Book Review: Terry Jones’ Medieval Lives

I’m currently working on the sequel to my first novel, The Beauty’s Beast (which will be re-released sometime in the next few months, promise!) and, in consequence, I have been doing a lot of research into the Middle Ages. I have been reading ALL THE BOOKS in fact. So far Terry Jones’ Medieval Lives is my favorite and certainly the most readable of the lot.

I had this at my mom’s house last weekend and I continually kept reading stuff aloud to her or telling her interesting factoids that popped up. The basic premise of the book is debunking all the misinformation about the medieval period that people take as truths. That they all thought the world was flat, for instance, or that every woman was a “damsel in distress”, uneducated and wholly at the mercy of her husband.

As a research resource this book gave me some nice and interesting little tidbits that I definitely plan to use for The Werewolf’s Wife and other books in the series. (Also the bibliography at the end is to die for and significantly increased the size of my Amazon wishlist in one fell swoop.) But I would honestly recommend this book for anyone who enjoys reading history for fun. It really is pretty entertaining.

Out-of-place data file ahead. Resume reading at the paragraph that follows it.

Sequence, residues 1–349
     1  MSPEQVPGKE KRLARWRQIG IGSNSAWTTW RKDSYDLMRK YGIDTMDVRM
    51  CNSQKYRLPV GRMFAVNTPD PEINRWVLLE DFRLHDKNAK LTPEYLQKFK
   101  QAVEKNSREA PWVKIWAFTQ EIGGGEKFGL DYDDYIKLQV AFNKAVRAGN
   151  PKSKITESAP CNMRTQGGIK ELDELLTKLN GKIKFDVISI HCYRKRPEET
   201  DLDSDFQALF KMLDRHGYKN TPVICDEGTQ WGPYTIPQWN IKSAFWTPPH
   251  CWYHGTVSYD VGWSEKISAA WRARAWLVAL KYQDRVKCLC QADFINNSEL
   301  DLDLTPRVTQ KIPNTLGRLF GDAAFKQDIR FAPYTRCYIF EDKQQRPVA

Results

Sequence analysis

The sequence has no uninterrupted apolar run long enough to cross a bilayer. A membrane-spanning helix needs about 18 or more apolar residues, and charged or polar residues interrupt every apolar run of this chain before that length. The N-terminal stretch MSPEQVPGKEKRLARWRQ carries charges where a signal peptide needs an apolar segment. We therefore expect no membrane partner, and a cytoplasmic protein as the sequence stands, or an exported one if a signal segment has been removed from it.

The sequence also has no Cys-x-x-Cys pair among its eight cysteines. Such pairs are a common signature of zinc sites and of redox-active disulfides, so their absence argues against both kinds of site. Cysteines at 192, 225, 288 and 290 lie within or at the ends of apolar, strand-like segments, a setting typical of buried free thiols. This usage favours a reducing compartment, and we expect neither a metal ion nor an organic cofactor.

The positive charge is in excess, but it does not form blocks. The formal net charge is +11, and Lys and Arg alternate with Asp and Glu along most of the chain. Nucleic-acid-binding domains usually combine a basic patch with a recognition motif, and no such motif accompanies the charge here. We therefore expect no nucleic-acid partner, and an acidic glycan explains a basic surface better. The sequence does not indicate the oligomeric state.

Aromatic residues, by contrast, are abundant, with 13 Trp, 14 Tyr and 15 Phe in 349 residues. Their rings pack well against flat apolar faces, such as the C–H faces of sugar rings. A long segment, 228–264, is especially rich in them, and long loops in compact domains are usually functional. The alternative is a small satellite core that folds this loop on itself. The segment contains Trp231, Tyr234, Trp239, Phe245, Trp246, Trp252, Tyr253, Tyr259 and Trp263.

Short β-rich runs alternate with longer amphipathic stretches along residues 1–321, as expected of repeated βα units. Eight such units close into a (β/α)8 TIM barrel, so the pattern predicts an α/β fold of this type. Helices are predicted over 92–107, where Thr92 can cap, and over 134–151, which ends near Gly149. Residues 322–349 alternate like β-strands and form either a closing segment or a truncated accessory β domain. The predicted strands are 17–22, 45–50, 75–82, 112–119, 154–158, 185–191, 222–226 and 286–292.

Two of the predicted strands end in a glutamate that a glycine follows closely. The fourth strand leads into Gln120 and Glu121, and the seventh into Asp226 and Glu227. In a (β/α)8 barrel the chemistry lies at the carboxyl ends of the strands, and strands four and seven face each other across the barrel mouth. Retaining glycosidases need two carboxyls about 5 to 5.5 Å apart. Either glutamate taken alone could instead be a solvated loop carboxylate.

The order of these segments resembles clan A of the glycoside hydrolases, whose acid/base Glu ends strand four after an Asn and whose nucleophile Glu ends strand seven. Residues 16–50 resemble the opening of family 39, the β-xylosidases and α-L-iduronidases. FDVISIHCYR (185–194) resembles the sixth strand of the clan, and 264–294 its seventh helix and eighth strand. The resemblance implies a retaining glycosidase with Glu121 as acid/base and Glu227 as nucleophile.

Here, to help my case, have some quotes:

An Englishman accused by a Frenchman was not allowed to defend himself with oath-takers, but instead had to choose between battle and ordeal. And if the roles were reversed an English accuser faced a similar problem. So if you were an elderly freeman whose son had been murdered by a big, vigorous Norman you could go to a lord’s court, name the killer and find that he demanded the right to do battle with you. Oh, good.

Or, here, how about this bit about peasants?

The old feudal consensus had broken down, and the lords realized that if the peasants were now free from any obligation to them, they were equally free from any obligations to care for the peasants. Thus it was that the peasants came face to face with their greatest natural enemy–sheep.

Overall rating: ***** (I LOVED it!)

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